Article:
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HIPOTHYROID

Hypothyroidism is an underactive thyroid


gland. Hypothyroidism means that the thyroid
gland cant make enough thyroid hormone to
keep the body running normally. People are
hypothyroid if they have too little thyroid
hormone in the blood. Common causes are
autoimmune disease, surgical removal of the
thyroid, and radiation treatment

SYMPTOMS
When thyroid hormone levels are too low, the
bodys cells cant get enough thyroid hormone
and the bodys processes start slowing down. As
the body slows, you may notice that you feel
colder, you tire more easily, your skin is getting
drier, youre becoming forgetful and depressed,
and youve started getting constipated. Because
the symptoms are so variable and non-specific,
the only way to know for sure whether you have
hypothyroidism is with a simple blood test for
TSH.

What causes hypothyroidism?

here can be many reasons why the cells in the thyroid gland cant make enough
thyroid hormone. Here are the major causes, from the most to the least common.
Autoimmune disease. In some peoples bodies, the immune system that protects
the body from invading infections can mistake thyroid gland cells and their
enzymes for invaders and can attack them. Then there arent enough thyroid cells
and enzymes left to make enough thyroid hormone. This is more common in
women than men. Autoimmune thyroiditis can begin suddenly or it can develop
slowly over years. The most common forms are Hashimotos thyroiditis and
atrophic thyroiditis.
Surgical removal of part or all of the thyroid gland. Some people with thyroid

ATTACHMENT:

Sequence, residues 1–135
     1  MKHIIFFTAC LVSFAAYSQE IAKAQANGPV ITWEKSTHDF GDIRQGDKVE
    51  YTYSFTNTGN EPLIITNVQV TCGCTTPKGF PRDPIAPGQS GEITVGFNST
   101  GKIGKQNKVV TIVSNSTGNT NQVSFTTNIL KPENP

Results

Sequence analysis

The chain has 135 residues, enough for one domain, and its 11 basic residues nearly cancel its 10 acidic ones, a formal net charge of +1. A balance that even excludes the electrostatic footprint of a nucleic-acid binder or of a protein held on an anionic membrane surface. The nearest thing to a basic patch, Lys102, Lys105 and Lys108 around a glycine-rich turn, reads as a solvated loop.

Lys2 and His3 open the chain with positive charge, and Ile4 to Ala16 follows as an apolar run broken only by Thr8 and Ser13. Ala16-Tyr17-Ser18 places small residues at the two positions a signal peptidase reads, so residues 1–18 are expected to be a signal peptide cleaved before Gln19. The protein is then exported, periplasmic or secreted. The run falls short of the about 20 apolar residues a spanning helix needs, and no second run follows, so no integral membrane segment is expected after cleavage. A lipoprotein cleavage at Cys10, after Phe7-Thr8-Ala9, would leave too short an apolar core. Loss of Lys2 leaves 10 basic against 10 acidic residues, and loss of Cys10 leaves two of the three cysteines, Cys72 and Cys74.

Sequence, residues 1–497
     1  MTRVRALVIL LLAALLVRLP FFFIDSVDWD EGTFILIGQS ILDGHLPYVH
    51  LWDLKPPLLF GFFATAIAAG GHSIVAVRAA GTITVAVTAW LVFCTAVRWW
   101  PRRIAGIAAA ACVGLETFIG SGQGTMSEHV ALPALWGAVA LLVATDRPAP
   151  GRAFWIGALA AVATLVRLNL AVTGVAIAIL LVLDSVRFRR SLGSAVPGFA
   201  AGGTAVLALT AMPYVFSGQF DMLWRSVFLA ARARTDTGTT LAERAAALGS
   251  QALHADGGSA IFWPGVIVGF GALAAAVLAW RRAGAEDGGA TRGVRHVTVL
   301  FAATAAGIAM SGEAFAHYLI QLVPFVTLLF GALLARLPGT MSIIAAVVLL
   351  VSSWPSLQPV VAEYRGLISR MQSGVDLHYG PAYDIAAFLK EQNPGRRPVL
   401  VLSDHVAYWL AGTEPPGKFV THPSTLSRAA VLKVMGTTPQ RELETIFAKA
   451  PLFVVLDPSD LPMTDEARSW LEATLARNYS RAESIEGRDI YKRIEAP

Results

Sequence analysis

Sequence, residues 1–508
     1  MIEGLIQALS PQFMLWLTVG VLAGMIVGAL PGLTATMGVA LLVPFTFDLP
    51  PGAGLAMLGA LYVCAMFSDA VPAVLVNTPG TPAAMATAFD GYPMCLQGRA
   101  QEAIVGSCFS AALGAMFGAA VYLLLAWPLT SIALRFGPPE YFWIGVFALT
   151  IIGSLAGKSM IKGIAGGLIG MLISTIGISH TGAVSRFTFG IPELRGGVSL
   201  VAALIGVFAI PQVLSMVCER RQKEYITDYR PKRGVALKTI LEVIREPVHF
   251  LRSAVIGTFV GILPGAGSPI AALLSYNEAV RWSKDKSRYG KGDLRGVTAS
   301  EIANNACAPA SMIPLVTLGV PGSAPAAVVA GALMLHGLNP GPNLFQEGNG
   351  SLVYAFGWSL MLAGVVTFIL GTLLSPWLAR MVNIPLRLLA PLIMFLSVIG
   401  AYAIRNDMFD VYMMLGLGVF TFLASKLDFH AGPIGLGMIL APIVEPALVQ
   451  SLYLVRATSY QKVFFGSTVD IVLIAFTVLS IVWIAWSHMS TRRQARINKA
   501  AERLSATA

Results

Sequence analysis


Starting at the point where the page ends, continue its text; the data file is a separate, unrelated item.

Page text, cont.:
nodules, thyroid cancer, or Graves disease need to have part or all of their thyroid
removed. If the whole thyroid is removed, people will definitely become
hypothyroid. If part of the gland is left, it may be able to make enough thyroid
hormone to keep blood levels normal.
Radiation treatment. Some people with Graves disease, nodular goiter, or thyroid
cancer are treated with radioactive iodine (I-131) for the purpose of destroying
their thyroid gland. Patients with Hodgkins disease, lymphoma, or cancers of the
head or neck are treated with radiation. All these patients can lose part or all of
their thyroid function.

Congenital hypothyroidism (hypothyroidism that a baby is born


with). A few babies are born without a thyroid or with only a partly
formed one. A few have part or all of their thyroid in the wrong
place (ectopic thyroid). In some babies, the thyroid cells or their
enzymes dont work right.
Thyroiditis. Thyroiditis is an inflammation of the thyroid gland,
usually caused by an autoimmune attack or by a viral infection.
Thyroiditis can make the thyroid dump its whole supply of stored
thyroid hormone into the blood at once, causing brief
hyperthyroidism (too much thyroid activity); then the thyroid
becomes underactive.
Medicines. Medicines such as amiodarone, lithium, interferon
alpha, and interleukin-2 can prevent the thyroid gland from being
able to make hormone normally. These drugs are most likely to
trigger hypothyroidism in patients who have a genetic tendency to
autoimmune thyroid disease.

Too much or too little iodine. The thyroid gland must have iodine
to make thyroid hormone. Iodine comes into the body in food and
travels through the blood to the thyroid. Keeping thyroid hormone
production in balance requires the right amount of iodine. Taking in
too much iodine can cause or worsen hypothyroidism.